South Korean Government Urges Farmers to Switch From Rice to Other Crops


The Foreign Agricultural Service (FAS) of the US Department of Agriculture’s Global Agricultural Information Network report stated that rice production in South Korea is forecast to decline in the marketing year 2023-24 by nearly 3% to 3.6 million tonnes on reduced acreage. This is in response to government incentives to switch to other grains.

“Due to continuously decreasing per capita rice consumption, as well as declining population, the Korean government has introduced incentives for farmers to switch from rice to other crops, including soybean and wheat,” the FAS said. “Additionally, the (government) has been encouraging the production of a new rice variety suitable for use in flour (as a substitute for wheat) to increase the self-sufficiency rate of food grains.”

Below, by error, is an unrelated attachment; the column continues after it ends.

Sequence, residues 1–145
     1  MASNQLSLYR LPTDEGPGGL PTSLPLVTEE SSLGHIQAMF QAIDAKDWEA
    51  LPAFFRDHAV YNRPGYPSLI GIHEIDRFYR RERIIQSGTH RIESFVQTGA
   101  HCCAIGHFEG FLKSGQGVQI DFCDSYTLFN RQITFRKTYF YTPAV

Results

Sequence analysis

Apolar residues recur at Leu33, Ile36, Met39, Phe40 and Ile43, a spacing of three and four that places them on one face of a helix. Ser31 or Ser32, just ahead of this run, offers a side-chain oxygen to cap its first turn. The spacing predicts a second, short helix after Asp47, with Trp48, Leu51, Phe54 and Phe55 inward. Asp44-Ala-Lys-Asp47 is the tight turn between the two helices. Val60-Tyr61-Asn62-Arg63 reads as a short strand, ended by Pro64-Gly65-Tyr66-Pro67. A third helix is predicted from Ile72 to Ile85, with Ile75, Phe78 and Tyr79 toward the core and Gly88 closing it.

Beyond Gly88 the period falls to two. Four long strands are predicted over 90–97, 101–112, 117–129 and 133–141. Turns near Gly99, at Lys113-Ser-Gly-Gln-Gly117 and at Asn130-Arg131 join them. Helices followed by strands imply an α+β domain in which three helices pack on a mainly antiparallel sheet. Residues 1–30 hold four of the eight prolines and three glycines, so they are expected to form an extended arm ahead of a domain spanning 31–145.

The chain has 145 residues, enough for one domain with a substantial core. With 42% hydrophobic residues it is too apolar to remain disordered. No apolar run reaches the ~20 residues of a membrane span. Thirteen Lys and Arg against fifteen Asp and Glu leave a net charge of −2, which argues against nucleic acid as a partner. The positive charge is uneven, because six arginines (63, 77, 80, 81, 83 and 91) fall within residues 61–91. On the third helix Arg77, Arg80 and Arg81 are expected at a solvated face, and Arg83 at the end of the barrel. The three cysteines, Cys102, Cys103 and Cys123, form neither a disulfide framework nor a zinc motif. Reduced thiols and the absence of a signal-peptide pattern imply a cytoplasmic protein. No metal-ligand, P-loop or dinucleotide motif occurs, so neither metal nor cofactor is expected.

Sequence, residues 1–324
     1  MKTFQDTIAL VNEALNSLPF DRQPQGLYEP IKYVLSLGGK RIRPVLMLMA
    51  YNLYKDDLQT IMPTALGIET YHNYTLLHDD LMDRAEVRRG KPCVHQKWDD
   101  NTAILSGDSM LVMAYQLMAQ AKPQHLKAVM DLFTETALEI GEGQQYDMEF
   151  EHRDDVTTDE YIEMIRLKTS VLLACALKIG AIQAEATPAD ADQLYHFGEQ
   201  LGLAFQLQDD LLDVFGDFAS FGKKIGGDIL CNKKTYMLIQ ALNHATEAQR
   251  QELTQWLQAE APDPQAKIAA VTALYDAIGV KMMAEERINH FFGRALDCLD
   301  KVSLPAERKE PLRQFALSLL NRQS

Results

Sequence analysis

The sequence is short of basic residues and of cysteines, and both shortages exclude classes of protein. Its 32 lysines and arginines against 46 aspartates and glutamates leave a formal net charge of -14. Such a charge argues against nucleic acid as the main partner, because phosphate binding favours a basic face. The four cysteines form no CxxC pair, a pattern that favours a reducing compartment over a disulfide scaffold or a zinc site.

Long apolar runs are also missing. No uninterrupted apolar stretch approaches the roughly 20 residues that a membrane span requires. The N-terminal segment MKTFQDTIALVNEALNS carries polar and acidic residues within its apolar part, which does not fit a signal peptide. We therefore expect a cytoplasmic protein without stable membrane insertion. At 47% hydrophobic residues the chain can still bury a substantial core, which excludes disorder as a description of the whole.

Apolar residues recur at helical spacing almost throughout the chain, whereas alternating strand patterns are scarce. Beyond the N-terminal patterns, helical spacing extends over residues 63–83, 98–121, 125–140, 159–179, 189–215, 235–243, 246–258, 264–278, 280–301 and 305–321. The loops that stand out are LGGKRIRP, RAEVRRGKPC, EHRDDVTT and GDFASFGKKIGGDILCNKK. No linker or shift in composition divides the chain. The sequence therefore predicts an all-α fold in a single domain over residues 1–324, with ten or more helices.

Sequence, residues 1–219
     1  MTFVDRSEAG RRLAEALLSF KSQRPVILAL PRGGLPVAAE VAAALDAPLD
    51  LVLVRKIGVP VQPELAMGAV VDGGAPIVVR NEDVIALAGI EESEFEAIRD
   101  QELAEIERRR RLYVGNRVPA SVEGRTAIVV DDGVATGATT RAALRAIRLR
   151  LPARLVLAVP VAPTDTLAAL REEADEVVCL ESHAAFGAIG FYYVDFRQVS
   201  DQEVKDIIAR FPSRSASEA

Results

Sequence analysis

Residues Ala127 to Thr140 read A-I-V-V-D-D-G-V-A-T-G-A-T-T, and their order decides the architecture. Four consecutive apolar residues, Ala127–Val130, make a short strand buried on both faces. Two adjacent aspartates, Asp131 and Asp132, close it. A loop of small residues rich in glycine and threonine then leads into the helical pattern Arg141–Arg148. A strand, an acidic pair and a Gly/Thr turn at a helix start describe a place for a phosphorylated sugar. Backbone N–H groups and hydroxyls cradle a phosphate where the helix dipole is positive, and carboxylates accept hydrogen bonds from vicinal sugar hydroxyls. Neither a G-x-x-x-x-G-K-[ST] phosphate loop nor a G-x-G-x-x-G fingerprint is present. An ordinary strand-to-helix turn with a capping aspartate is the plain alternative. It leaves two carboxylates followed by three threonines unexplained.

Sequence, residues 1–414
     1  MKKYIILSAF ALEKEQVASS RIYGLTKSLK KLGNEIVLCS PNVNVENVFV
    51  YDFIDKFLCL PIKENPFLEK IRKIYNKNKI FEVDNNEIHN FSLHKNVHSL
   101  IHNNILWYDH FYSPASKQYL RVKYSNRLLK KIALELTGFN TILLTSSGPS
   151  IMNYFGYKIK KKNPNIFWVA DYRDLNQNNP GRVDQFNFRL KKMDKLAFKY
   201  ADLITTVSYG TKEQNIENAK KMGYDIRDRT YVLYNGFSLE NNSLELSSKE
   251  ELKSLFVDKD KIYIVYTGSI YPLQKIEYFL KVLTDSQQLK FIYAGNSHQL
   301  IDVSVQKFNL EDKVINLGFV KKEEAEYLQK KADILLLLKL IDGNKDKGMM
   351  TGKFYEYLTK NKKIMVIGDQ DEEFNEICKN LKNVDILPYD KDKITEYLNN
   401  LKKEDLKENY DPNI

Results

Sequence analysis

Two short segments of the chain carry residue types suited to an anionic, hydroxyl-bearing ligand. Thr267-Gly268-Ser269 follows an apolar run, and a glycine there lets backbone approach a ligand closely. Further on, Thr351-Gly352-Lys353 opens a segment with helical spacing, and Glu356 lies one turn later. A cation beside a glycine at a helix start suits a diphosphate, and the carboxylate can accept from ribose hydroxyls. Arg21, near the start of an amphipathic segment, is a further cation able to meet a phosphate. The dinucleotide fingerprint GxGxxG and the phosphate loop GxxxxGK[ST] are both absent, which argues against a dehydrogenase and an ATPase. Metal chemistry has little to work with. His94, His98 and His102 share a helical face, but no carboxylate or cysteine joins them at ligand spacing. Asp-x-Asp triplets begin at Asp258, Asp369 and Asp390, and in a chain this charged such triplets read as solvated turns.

From the policy instated, wheat production is expected to benefit and reach a 40-year high of 46,000 tonnes this year, however, it would still be short of the government’s goal of 60,000 tonnes. Wheat consumption is seen to hold steady at 4.1 million tonnes, and wheat imports are also expected to remain at 4.5 million tonnes from the previous year.

According to the FAS, the increase in wheat demand in recent years in South Korea is due to “a growing preference for Western-style snacks and treats that can be consumed quickly on the go, such as bread and pastries, rather than traditional Korean rice-based meals.”

The report also mentioned that South Korea is sourcing its wheat from a more diverse set of suppliers. South Korea’s market share of Eastern European and Russian feed wheat in 2022-23 dropped to 11% from 85% in the previous year. The country increased its intake from Australia from 15% to 69%.